Meijin league ends in tie
The final round of the 29th Meijin league was played at the Nihon Ki-in on 5 August. Kobayashi Satoru 9-dan, who played his final game last month, was the only member of the league not playing; on 6-2, he was in provisional first place and was presumably hoping that Cho Chikun would make that absolute first place by defeating his only remaining rival, Cho U Honinbo. However, Cho Chikun didn't come through for him, so the league has ended in a tie. A play-off to decide the challenger to Yoda Norimoto Meijin is scheduled for 9 July.
Even though only two players were in the running for first place, the other games were quite important for the players. Two of them, the Yamada/O Rissei and Rin/O Meien games, would determine who kept his league place and who dropped out.
Results of the four games in the final round were:
Yamada Kimio 8-dan (B) defeated O Rissei Judan by resignation.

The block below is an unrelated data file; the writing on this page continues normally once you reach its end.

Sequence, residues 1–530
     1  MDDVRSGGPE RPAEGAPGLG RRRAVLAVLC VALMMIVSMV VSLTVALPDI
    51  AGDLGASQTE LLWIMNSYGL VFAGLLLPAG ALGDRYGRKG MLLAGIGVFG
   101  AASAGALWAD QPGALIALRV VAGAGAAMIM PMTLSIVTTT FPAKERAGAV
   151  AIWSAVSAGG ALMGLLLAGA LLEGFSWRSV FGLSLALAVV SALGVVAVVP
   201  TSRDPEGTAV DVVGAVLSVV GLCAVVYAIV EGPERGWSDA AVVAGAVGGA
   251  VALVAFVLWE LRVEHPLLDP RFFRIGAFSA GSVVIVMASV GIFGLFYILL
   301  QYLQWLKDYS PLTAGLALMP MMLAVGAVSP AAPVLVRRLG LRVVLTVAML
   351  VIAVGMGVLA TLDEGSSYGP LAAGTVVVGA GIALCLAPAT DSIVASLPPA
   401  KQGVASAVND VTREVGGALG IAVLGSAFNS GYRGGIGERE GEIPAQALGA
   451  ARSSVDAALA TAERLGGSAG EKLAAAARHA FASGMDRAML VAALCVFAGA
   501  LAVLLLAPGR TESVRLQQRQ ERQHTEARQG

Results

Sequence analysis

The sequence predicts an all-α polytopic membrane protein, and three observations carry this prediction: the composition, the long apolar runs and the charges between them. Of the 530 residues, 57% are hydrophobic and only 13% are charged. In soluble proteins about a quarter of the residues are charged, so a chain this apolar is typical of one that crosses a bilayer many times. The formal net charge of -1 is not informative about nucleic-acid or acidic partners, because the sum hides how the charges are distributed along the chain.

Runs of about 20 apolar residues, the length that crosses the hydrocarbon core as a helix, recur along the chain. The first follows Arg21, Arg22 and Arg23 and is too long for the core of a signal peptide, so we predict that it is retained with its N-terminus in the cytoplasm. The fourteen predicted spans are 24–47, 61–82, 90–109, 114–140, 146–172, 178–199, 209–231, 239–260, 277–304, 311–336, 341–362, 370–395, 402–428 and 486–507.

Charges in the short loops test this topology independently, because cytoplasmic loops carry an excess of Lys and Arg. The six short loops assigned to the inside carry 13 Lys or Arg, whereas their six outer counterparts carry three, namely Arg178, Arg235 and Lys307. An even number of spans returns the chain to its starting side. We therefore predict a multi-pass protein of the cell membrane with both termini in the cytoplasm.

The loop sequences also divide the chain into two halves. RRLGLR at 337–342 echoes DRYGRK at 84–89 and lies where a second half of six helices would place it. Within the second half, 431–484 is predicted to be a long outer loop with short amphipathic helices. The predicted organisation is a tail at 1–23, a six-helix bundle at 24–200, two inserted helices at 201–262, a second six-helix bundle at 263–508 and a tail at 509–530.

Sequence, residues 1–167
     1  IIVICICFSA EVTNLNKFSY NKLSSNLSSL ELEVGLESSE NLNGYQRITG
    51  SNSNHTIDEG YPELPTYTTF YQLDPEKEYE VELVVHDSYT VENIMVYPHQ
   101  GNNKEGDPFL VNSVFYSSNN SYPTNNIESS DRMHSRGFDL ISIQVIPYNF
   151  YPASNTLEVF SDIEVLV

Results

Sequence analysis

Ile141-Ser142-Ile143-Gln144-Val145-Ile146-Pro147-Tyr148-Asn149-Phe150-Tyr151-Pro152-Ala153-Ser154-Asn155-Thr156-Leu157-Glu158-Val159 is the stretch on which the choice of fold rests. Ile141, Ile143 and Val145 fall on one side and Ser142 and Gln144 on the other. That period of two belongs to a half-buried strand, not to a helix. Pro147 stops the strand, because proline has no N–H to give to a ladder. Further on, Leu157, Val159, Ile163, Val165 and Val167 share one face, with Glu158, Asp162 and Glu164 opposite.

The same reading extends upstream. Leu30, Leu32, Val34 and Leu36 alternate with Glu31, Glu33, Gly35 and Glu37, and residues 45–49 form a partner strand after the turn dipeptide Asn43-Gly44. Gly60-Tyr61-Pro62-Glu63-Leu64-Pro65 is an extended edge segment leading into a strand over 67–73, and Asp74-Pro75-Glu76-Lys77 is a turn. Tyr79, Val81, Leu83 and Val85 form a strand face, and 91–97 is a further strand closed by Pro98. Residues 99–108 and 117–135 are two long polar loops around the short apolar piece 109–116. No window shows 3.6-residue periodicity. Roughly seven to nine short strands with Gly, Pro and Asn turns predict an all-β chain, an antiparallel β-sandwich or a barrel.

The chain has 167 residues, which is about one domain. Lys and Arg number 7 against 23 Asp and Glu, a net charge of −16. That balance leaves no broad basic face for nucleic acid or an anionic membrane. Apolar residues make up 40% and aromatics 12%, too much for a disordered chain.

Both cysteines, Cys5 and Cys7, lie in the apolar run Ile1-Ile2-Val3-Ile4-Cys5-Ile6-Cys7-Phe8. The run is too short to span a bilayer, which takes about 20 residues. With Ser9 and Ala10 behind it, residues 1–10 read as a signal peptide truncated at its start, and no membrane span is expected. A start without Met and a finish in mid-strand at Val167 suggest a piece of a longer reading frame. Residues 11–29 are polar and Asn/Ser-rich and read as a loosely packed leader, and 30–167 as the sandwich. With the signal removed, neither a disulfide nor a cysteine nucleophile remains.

Cho U Honinbo (B) defeated Cho Chikun, 25th Honinbo, by resig.
Imamura Toshiya 9-dan (B) defeated Yamashita Keigo by 2.5 points.
O Meien 9-dan (W) defeated Rin Kaiho 9-dan by resig.
Final placings are:
1st: Kobayashi Satoru, Cho U, 6-2
3rd: Imamura Toshiya, 5-3
4th: Yamashita Keigo, 4-4
5th: O Meien, 4-4
6th: Yamada Kimio.
There was an unusual aspect to this year's results. The three newcomers to the league all kept their places, and apparently this has never happened before. Earlier in the year, all four seeded players in the Honinbo league lost their places, being replaced by the four newcomers. This was probably also a first, though no one has gone through the nearly six decades of Honinbo leagues to confirm it. These league results would indicate that the generational changeover is speeding up. Ironically, there has probably never been a more distinguished group of drop-outs from the Meijin league: Rin Kaiho, who holds the record with 39 terms in the league or as the title-holder (including 35 terms in a row) and who has been Meijin eight times; Cho Chikun, with 28 successive terms in the league or as title holder (nine times Meijin), and O Rissei, with ten successive terms in the league. Of course, these players may very well fight their way back into the league.